The lyrics of this song talk about love being “heavy” – maybe because of mental illness or emotional baggage – perhaps too heavy for some people to carry. Eva’s “gift” often feels like more of a curse weighing her down. How heavily she feels everyone’s pain can make her a “heavy” person to love. And Zenn’s baggage makes him a bit heavy as well.

Ain’t No Rest for the Wicked by Cage the Elephant
I picture this being the song playing on homecoming night while Zenn paints Eva’s van. The lyrics talk about the burden of not having enough money, which Zenn deals with every day:

There ain’t no rest for the wicked
Money don’t grow on trees
I got bills to pay, I got mouths to feed
There ain’t nothing in this world for free

I Want to Hold Your Hand (The Beatles), cover by Allison Brustofski
This one is a bit obvious, but all Eva wants to do is just be close to someone, to hold someone’s hand. Sometimes even the most simple, innocent gestures can be the most intimate.

Unsteady by X Ambassadors
When I first heard this song I thought it was about a romantic relationship, but it’s actually about a relationship with parents. Zenn’s relationship with his parents is strained at best, but he knows that they both are dealing with their own history and struggles.

Mother, I know
That you’re tired of being alone
Dad I know you’re trying
To fight when you feel like flying

Plus, the whole repetition of “Hold, hold on to me” speaks to Eva’s inability to touch, and how it makes her yearn for it, and her relationship with Zenn makes them both feel steadier. I picture this one playing when they have their first date at the park, when Zenn tells Eva more about his childhood.

Roll Away Your Stone by Mumford & Sons
I was inspired to write Zenn Diagram when I watched teenagers struggle to be vulnerable and reveal their true selves to their peers … and to themselves. Being vulnerable is difficult, even for adults, but I think it’s the only way to ever really know and understand another person.

Roll away your stone I will roll away mine
Together we can see what we will find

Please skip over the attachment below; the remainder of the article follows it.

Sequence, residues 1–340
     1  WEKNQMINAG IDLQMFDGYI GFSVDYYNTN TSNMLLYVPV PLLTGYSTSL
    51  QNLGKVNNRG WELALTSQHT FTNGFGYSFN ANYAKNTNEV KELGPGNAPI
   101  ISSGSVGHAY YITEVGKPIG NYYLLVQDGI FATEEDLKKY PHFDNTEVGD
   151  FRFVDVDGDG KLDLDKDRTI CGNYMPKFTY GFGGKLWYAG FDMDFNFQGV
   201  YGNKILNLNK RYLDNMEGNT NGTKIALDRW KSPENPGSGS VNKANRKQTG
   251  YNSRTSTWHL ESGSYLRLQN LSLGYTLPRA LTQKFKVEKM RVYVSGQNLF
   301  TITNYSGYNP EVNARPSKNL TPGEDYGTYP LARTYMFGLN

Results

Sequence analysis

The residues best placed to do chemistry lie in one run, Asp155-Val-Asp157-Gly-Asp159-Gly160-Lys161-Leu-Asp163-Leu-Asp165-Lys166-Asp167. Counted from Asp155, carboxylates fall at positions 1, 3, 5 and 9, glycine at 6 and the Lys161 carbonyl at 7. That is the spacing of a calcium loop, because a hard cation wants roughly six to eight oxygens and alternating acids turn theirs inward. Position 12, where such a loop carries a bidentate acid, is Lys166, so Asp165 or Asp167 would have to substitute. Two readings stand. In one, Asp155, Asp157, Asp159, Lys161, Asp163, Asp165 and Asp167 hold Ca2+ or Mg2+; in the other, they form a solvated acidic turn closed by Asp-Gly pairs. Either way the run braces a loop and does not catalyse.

Don’t leave me alone at this time
For I am afraid of what I will discover inside

Beautiful Thing by Grace VanderWaal
I know this song is technically about a sister-sister relationship, but I just love the idea that people can bring out the best in each other, making the “weight of the world feel like a feather”.

Mess is Mine by Vance Joy
In a relationship, people often take on a bit of the other person’s mess. Both Eva and Zenn certainly do. But sharing someone’s burdens can be a beautiful thing.

Hold on, darling
This body is yours, this body is yours and mine
Well hold on, my darling
This mess was yours, now your mess is mine

Hello My Old Heart by The Oh Hellos
I picture this song playing the first time Eva and Zenn “have tea”.

Until meeting Zenn, Eva has made the conscious choice to isolate herself from others, physically and emotionally, indefinitely:

Hello my old heart, How have you been?
How is it, being locked away?
Well don’t you worry, In there, you’re safe
And it’s true, you’ll never beat
But you’ll never break

They’ve both been guarding their hearts for a long time:

And every day I add another stone
To the walls I built around you
To keep you safe

But in the end, both Eva and Zenn learn to risk their “old hearts”

Nothing lasts forever
Some things aren’t meant to be
But you’ll never find the answer
Until you set your old heart free

Your Body is a Wonderland by John Mayer
This might be one of the sexiest songs ever. I think about how freeing it must be for Eva to be able to touch and explore the “wonderland” of Zenn, without fractals getting in the way.

Stubborn Love by The Lumineers
By the end of the story, Eva realizes that learning about other people’s burdens is a privilege, not a curse, something to be embraced, not avoided. I love the Lumineers, and this line of the song is everything:

It’s better to feel pain, than nothing at all
The opposite of love’s indifference
So pay attention now

Happy listening!